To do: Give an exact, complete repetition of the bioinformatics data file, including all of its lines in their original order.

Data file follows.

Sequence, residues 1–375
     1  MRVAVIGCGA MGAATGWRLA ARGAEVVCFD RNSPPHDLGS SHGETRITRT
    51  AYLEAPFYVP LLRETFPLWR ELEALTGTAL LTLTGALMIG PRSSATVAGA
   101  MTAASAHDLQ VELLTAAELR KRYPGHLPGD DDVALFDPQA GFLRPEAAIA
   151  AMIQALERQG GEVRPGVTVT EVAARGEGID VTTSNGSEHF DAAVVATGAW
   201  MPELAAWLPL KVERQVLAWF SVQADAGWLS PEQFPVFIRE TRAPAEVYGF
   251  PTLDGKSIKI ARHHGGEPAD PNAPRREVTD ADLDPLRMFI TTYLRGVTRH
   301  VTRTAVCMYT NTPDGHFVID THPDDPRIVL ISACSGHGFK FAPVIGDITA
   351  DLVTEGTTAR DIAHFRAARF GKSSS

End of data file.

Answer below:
Sequence, residues 1–375
     1  MRVAVIGCGA MGAATGWRLA ARGAEVVCFD RNSPPHDLGS SHGETRITRT
    51  AYLEAPFYVP LLRETFPLWR ELEALTGTAL LTLTGALMIG PRSSATVAGA
   101  MTAASAHDLQ VELLTAAELR KRYPGHLPGD DDVALFDPQA GFLRPEAAIA
   151  AMIQALERQG GEVRPGVTVT EVAARGEGID VTTSNGSEHF DAAVVATGAW
   201  MPELAAWLPL KVERQVLAWF SVQADAGWLS PEQFPVFIRE TRAPAEVYGF
   251  PTLDGKSIKI ARHHGGEPAD PNAPRREVTD ADLDPLRMFI TTYLRGVTRH
   301  VTRTAVCMYT NTPDGHFVID THPDDPRIVL ISACSGHGFK FAPVIGDITA
   351  DLVTEGTTAR DIAHFRAARF GKSSS